So many decades later I still feel sad for my villagers and for the people of Viet Nam.  We had to endure so many horrible thing because of the war and even now, my people are still under the wrath of communism.  When are those communist leaders going to realize they are not doing anything good for the people of Viet Nam?

Tuesday, May 18, 2010

Unwelcome Visitors

I woke up in the middle of the night by the sound of the footsteps outside of my house.  I sat up on my bed trying to listen harder to find out if there were really some one outside.  The scary feeling ran through me and made me just freeze.  After a few minutes I started to cry. That is when my mom came quietly into the room.  She came over and hugged me tight. She whispered to me to be quiet.  She pointed to my window and said to me, "Do not make any noise." I followed my mom's gaze and looked where there were shadows of many men crouching outside of my window.  I can still see the silouettes of their guns on their shoulders.  I looked at my mom with questions whirling in my brain, but she softly reminded me to be quiet and  told me to lie down and go to sleep. She said she would lie down with me.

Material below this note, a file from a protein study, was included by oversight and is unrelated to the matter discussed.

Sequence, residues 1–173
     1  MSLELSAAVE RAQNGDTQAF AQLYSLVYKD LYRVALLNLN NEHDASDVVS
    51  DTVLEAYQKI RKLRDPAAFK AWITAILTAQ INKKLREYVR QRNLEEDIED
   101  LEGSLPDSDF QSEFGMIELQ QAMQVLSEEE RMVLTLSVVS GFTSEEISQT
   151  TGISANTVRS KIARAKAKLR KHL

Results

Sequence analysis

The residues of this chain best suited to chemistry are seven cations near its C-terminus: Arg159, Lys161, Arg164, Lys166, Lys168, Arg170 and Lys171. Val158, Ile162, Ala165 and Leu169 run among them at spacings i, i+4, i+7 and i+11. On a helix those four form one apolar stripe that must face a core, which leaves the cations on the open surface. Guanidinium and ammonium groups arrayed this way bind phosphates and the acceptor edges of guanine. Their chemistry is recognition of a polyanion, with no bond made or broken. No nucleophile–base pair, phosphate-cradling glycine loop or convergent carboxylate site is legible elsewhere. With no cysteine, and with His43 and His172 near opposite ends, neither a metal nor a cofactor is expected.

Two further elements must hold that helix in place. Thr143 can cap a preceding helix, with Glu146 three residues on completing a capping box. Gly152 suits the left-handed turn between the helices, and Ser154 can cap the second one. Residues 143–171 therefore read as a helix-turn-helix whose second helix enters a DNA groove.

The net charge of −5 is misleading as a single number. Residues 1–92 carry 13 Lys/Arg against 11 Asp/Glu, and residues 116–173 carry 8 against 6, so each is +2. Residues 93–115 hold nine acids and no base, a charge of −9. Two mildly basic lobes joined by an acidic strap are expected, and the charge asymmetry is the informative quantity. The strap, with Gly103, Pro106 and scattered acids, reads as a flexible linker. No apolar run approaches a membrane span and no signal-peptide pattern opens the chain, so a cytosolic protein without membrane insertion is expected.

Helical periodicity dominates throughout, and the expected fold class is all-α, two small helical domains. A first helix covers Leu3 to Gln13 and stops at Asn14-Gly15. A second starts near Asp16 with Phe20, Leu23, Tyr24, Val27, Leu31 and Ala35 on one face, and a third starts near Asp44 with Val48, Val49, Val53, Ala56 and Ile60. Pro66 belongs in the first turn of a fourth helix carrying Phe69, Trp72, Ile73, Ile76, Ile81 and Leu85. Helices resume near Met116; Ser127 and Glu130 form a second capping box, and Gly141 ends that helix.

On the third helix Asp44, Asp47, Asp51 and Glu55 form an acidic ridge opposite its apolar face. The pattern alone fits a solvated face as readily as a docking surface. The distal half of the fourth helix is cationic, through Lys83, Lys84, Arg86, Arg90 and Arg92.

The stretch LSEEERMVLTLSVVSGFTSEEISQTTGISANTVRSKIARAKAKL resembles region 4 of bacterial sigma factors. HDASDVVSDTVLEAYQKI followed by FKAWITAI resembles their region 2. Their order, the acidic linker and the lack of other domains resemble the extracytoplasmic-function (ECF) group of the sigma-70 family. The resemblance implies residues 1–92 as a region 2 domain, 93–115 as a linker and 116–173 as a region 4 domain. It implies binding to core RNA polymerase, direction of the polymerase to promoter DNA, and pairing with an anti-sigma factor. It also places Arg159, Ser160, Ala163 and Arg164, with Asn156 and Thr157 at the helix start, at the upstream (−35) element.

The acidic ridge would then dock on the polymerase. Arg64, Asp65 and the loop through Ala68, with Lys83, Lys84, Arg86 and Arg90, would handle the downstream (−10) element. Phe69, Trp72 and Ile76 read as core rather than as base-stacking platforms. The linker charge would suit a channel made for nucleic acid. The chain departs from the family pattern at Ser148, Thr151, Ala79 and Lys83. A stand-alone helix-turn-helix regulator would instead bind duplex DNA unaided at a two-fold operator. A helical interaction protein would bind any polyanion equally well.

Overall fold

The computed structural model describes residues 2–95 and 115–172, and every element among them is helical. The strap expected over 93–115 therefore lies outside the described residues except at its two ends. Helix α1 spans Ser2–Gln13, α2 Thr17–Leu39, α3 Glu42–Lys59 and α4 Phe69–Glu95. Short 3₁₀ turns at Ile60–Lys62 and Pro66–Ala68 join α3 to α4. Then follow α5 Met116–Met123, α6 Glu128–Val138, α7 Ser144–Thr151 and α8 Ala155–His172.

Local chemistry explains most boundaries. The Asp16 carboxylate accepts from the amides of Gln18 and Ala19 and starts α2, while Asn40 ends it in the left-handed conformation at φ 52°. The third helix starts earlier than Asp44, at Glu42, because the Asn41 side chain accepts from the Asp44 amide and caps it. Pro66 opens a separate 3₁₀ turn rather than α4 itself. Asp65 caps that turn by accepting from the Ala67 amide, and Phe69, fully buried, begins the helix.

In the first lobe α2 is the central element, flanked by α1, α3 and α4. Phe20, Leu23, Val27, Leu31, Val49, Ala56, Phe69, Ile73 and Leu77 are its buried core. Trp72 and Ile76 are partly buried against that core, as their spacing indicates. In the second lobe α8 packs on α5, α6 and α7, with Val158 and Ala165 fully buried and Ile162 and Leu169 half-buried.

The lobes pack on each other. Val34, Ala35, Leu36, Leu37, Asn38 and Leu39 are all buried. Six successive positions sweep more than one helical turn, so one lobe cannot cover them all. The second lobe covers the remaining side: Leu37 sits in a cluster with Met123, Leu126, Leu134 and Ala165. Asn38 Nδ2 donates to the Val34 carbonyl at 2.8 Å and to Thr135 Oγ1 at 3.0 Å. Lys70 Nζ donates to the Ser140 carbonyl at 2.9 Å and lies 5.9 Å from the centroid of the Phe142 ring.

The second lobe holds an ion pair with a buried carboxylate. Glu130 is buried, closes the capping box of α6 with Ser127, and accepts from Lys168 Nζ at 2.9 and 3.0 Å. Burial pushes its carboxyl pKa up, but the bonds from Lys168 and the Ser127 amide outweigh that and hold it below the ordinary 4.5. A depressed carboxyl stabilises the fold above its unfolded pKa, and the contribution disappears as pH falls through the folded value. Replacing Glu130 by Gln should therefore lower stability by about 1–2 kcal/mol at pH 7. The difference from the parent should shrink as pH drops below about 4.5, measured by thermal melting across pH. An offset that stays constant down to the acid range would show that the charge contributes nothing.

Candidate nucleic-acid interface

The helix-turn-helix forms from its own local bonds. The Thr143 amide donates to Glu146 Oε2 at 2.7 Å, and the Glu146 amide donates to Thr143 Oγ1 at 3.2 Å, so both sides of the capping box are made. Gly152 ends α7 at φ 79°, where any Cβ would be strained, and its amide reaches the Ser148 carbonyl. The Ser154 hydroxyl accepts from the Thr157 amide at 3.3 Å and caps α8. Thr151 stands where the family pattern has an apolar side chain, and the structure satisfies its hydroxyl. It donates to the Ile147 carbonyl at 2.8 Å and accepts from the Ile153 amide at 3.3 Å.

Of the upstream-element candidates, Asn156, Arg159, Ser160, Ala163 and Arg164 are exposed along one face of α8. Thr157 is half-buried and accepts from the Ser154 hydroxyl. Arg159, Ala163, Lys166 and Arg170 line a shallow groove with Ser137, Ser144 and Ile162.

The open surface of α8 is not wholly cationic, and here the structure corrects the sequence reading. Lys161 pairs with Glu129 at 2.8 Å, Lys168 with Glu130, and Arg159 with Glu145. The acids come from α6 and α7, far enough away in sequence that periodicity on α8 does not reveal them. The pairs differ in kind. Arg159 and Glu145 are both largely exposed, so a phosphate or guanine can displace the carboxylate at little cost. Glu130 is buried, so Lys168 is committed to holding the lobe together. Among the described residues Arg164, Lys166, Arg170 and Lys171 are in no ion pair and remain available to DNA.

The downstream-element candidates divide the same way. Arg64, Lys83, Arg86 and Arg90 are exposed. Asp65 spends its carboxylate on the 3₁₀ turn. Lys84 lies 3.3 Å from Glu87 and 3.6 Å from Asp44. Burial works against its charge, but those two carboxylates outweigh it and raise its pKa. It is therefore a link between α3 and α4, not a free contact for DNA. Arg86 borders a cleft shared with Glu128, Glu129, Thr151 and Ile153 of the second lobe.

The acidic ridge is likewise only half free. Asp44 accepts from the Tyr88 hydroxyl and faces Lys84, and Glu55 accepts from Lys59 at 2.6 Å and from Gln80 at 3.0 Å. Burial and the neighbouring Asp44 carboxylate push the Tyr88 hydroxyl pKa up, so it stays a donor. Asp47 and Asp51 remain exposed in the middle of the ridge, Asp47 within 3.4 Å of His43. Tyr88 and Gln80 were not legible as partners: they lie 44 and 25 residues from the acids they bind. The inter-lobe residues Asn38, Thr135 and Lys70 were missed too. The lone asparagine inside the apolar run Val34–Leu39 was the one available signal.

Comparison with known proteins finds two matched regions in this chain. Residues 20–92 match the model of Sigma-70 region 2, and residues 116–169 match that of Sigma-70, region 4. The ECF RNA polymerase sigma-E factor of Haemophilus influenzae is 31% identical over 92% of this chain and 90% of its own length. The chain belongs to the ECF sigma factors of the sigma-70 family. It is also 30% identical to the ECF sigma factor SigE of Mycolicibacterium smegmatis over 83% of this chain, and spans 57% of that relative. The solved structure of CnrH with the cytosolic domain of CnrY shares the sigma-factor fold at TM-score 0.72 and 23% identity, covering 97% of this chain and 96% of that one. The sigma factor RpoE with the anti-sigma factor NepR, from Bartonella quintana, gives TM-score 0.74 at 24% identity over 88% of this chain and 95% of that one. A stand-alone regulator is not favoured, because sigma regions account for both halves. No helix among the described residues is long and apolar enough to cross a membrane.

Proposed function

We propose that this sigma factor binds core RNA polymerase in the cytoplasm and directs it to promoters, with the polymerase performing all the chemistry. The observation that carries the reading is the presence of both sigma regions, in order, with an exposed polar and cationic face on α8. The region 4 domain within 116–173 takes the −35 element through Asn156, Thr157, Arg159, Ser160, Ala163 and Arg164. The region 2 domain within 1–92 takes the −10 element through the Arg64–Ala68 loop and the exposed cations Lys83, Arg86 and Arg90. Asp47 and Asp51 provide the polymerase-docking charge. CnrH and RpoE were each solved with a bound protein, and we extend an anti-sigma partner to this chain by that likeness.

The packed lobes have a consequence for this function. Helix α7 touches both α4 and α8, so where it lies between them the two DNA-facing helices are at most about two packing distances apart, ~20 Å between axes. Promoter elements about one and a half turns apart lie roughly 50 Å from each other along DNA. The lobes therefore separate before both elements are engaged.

I woke up in the morning with the sun shining through my huge picture window.  My mom had gotten up to do her daily chores.  The incident of the night came back to me. I  went to open the window, tiptoed to the window and lookdc outside but I did not see anything.  It felt as if it was a dream.

At the breakfast table I heard my mom was telling my older siblings that these were communists. "The unwelcome visitors are getting too daring and we all must be careful."  We had always known they were lurking somewhere out there behind the trees and further out in our field, but never had they come that close to our house.  Mom said that they were here last night looking for my dad .

The next day when my day was home from his office, I heard she told my dad that those communists who visited my house the other night sent word to the people who lived nearby to tell my parents  they wanted to have a "visit" with my dad. They said, "Too bad he was not home."

This happened so so long ago, when I was about seven years old but until this day, I still wonder how did they know my father was not home.  They must have watched and spied on us very intensely every day....

Sunday, May 9, 2010

Honoring My Mom on Mother's Day